This is especially true as they gain more knowledge about your platform and services. The onboarding phase presents a key opportunity to gain a deeper understanding of your new client’s problems and pain points so that your team can be in the best possible position to address them.
Ensure team members incorporate some of the key principles of active listening to make clients feel heard. These include:
- Determine the right questions to ask when onboarding a new client
- Paraphrasing client questions or concerns to ensure they are understood
- Showing empathy by acknowledging the importance of their pain points
Like all communications, these should be documented centrally for your whole team to access. Ideally, add all communications to your centralized task manager.
7: Repeat the most important information frequently
Wait a minute: didn’t we have another tip about avoiding repetition? Yes, but there’s a big difference between unintentional repetitiveness that results from members of your team not knowing what has already been covered, and regular, intentional reiteration of key information to ensure that it is easily recalled.
People are busy, and no matter who you’re onboarding, they likely have many other tasks on their plate. During client onboarding, repetition is essential for committing information to long-term memory, so by working key information into multiple stages of your process, you ensure that both agency and client are on the same page. Information you’ll likely want to repeat includes:
- Your process for delivering their project
- Key dates and timelines
- Vital information you need from your client
- Key metrics, or how you will measure success
If you’ve had client onboarding experiences where you’re confident information was conveyed but the client still misunderstood, you know how damaging this kind of communication breakdown can be for trust. It’s important to consider any client misunderstandings as your responsibility, not their fault. If they misunderstood, it’s a good indication that the information should have been conveyed more clearly and frequently.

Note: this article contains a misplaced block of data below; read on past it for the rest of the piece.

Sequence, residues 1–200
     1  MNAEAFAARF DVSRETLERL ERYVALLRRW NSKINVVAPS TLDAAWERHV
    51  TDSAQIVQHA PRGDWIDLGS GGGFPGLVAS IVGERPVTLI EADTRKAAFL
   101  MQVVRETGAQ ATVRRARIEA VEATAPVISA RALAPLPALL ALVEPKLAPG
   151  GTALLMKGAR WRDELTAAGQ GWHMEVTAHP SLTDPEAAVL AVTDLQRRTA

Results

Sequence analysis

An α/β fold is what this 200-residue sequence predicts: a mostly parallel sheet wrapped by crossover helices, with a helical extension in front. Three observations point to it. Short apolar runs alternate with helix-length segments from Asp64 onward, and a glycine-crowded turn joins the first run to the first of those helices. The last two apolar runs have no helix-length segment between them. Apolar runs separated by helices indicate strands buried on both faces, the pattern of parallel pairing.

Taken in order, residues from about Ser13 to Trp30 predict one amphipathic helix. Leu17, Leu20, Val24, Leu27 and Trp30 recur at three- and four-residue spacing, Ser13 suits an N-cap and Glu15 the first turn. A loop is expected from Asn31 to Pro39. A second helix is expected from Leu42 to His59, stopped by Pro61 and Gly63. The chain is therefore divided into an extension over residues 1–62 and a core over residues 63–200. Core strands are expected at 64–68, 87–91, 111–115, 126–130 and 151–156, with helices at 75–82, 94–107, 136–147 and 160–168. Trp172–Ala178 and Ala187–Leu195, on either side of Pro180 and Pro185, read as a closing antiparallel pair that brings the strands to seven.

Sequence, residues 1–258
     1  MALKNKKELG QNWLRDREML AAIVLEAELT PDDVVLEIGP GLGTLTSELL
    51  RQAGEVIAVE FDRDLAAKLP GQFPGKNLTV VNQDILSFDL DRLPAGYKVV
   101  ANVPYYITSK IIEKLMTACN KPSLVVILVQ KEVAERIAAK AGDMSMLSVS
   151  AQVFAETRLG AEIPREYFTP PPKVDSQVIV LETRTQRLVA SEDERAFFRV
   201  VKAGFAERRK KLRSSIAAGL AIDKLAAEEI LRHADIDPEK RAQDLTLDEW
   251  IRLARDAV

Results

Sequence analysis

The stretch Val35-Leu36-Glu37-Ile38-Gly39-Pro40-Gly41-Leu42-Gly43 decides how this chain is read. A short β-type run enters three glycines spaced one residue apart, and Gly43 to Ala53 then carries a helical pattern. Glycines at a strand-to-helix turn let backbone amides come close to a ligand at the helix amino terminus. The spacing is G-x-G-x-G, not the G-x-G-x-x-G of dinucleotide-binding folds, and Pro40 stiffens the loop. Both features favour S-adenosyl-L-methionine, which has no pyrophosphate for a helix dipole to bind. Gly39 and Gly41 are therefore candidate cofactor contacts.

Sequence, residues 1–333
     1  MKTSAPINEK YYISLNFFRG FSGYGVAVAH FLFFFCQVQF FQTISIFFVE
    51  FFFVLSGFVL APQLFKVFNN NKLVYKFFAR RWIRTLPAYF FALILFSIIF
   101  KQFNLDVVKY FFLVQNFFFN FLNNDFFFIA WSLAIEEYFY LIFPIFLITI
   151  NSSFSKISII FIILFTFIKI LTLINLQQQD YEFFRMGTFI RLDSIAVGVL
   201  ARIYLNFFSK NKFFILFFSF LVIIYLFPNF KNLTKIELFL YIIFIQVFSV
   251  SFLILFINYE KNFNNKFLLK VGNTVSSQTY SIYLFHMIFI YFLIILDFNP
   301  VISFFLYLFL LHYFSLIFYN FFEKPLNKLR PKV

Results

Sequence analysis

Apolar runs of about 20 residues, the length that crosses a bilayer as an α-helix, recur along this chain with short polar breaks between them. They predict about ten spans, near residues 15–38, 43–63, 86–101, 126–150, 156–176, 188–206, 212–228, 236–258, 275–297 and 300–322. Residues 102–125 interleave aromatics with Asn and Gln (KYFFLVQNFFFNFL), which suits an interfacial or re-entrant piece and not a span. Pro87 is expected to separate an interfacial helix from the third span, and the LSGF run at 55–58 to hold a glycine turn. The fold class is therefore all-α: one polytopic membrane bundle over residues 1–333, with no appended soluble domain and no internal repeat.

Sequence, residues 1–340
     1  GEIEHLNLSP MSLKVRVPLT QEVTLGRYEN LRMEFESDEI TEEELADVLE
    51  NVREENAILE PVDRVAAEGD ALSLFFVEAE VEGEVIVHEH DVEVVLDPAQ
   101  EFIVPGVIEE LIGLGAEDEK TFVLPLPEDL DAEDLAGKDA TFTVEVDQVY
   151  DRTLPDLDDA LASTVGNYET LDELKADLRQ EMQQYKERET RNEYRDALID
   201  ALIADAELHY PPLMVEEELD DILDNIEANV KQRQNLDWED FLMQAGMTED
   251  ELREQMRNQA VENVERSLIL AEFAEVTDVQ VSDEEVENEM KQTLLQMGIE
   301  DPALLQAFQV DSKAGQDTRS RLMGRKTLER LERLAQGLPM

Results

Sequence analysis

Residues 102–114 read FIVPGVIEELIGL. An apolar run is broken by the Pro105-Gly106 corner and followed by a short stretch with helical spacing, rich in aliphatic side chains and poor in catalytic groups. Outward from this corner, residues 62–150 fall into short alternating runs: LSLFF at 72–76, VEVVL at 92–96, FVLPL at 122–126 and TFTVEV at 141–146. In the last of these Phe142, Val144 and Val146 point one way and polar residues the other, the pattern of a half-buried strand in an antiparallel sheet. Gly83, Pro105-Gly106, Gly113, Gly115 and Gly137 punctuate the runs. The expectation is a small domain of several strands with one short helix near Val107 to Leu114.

8: Remember: Client onboarding is a marathon, not a sprint
Agency client onboarding is the first phase of establishing a working client-agency relationship.
Maintaining a client-agency relationship is an ongoing process, not a one-time event.
The best client relationships will bring long-term revenue and fuel growth for your agency for years to come. But in order for this to happen, plan on having plenty of follow-ups throughout the first year and beyond. This ensures that expectations remain aligned and mutually understood. It also allows you to catch small problems before they snowball into bigger issues that can potentially lose you the client. This is a great opportunity to create agency client onboarding email templates. Add these follow-up emails into your project management system to ensure your team is given reminders to reach out at regular intervals.
Agency client onboarding email templates
Use these email templates to kick off the initial meeting with your client, follow up on the action steps you went over in your initial onboarding discussion, and check-in frequently to reduce client churn.
The standard client onboarding process that you create should include regular reviews at intervals that make sense for your business. These might be monthly or quarterly, in addition to larger, in-depth reviews bi-annually or annually. Schedule these as soon as you start working with a client. During these reviews, make sure to build in some additional education or training on things that may not have been covered during the initial onboarding, but that might be of interest to your client.